Applying a New Methodology to Measure Investment in R&D and Science and Technology Activities: The Case of Colombia

  • Alexander Cotte Poveda
  • Jorge Andrade Parra
  • Clara Inés Pardo Martínez


Research and development (R&D), especially in industry and technology, is a crucial component of innovation, productivity and effectiveness, as well as the generation of new competitive advantages that are reflected in the whole economy of a country. In this context and with the aim of improving the measurement of R&D, the Organization for Economic Cooperation and Development updated the Frascati Manual in 2015 to provide the main, globally applicable guidelines for national statistical offices and policy-makers to analyze trends and allow for international comparisons of science, technology and innovation. In developing countries, it is particularly important to determine different strategies to guarantee adequate R&D to inform the creation of policies and instruments to effectively promote knowledge and generate technological solutions to local problems. This chapter describes the development and application of the Frascati Manual (2015) in Colombia to measure investments in R&D and other scientific, technological and innovation activities in Colombia from the perspective of the requirements of the manual for government, higher education, business enterprises, the health sector and private non-profit institutions with an update for the entire 2000–2017 period. The results indicate that the new guidelines for quantifying investments in R&D guarantee greater reliability through the use of mixed methods involving administrative registers or surveys and control mechanisms with budget analysis. Moreover, it is important to analyze differences among sectors to adequately determine the specific factors related to scientific, technological and innovation activities with the aim of establishing the investments and expenditures in science, technology and innovation. During the period of study, Colombia maintained constant investment with a slight increase in the last year that was mainly due to found royalties. The resulting indicators of expenditure in R&D and other scientific, technological and innovation activities can be used to monitor and evaluate relevant policies that have been implemented, as well as to make international comparisons.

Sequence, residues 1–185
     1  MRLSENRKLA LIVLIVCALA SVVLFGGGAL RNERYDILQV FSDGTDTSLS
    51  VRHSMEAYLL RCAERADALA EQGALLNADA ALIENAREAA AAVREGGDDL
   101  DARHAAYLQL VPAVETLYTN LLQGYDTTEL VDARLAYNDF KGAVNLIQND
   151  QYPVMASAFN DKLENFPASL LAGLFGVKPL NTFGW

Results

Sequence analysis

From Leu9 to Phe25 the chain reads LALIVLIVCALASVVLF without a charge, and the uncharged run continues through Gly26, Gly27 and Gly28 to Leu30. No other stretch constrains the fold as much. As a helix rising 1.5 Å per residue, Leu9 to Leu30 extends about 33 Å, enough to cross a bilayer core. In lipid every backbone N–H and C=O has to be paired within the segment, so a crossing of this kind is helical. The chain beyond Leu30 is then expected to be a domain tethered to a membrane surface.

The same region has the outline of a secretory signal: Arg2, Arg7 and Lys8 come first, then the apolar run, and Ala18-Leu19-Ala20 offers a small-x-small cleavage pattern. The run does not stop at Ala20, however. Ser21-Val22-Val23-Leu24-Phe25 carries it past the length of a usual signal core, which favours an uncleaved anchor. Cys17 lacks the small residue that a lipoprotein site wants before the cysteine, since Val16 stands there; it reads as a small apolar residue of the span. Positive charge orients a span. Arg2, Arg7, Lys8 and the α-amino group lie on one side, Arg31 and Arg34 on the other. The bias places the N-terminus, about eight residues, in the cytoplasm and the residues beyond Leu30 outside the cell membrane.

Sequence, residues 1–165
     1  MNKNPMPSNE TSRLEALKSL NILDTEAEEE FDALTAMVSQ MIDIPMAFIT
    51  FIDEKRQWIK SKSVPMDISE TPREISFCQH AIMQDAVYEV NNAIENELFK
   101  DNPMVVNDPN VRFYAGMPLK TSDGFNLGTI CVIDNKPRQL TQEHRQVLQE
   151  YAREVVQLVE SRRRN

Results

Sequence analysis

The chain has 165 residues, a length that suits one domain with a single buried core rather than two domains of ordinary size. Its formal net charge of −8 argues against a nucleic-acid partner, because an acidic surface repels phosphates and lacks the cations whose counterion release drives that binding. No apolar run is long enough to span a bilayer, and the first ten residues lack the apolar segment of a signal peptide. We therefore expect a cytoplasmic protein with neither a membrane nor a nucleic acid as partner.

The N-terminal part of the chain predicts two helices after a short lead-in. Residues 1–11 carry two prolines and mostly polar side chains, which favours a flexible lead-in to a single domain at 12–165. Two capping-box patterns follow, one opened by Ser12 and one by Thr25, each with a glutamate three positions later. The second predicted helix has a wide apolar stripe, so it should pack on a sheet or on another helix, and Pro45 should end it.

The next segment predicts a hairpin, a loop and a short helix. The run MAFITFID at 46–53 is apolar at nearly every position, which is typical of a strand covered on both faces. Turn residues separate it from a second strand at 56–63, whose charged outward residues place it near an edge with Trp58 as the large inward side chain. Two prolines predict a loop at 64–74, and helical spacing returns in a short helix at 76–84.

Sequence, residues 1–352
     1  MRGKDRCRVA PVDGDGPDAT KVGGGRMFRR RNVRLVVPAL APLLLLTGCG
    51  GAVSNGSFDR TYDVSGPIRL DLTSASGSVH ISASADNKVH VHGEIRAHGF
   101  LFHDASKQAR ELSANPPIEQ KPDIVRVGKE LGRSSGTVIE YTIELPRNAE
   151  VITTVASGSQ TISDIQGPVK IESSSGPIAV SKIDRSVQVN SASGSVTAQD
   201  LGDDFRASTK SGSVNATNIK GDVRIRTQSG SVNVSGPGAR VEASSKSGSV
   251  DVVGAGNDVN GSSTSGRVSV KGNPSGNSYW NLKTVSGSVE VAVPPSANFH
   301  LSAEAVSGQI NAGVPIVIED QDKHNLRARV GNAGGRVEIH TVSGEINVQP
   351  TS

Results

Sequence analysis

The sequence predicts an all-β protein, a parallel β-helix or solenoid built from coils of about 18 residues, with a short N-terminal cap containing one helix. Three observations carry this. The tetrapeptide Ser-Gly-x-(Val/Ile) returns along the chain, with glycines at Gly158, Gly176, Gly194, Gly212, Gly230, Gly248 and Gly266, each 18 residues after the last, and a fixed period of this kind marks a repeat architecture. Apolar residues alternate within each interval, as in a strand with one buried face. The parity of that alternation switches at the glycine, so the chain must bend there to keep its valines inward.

Expenditure Research and Development Frascati Manual Colombia 


  1. Aksnes, D., Sivertsen, G., Leeuwen, D., & Wendt, K. (2017). Measuring the Productivity of National R&D Systems: Challenges in Cross-national Comparisons of R&D Input and Publication Output Indicators. Science and Public Policy, 44, 246–258.Google Scholar
  2. Arrow, K. (1962). Economic Welfare and the Allocation of Resources for Invention. In Universities-National Bureau Committee for Economic Research, Committee on Economic Growth of the Social Science Research Council (Ed.), The Rate and Direction of Inventive Activity. Princeton, NJ: Princeton University Press.Google Scholar
  3. Bell, M., & Albu, M. (1999). Knowledge Systems and Technological Dynamism in Industrial Clusters in Developing Countries. World Development, 27, 1715–1734.CrossRefGoogle Scholar
  4. Bozeman, B., & Sarewitz, D. (2011). Public Value Mapping and Science Policy Evaluation. Minerva, 49, 1–23.CrossRefGoogle Scholar